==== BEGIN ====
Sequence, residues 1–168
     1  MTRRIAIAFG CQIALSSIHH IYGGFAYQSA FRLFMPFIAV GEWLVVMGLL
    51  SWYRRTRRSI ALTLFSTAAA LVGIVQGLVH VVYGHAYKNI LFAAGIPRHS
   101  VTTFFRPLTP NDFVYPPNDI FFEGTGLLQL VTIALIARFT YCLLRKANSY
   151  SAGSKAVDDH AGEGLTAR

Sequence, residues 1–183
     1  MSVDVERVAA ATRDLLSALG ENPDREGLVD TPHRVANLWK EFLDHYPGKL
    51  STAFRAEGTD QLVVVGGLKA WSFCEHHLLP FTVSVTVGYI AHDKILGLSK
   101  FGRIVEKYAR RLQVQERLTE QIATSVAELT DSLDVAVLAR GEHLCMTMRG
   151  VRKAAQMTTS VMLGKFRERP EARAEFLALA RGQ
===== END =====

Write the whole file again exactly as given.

Sequence, residues 1–168
     1  MTRRIAIAFG CQIALSSIHH IYGGFAYQSA FRLFMPFIAV GEWLVVMGLL
    51  SWYRRTRRSI ALTLFSTAAA LVGIVQGLVH VVYGHAYKNI LFAAGIPRHS
   101  VTTFFRPLTP NDFVYPPNDI FFEGTGLLQL VTIALIARFT YCLLRKANSY
   151  SAGSKAVDDH AGEGLTAR

Sequence, residues 1–183
     1  MSVDVERVAA ATRDLLSALG ENPDREGLVD TPHRVANLWK EFLDHYPGKL
    51  STAFRAEGTD QLVVVGGLKA WSFCEHHLLP FTVSVTVGYI AHDKILGLSK
   101  FGRIVEKYAR RLQVQERLTE QIATSVAELT DSLDVAVLAR GEHLCMTMRG
   151  VRKAAQMTTS VMLGKFRERP EARAEFLALA RGQ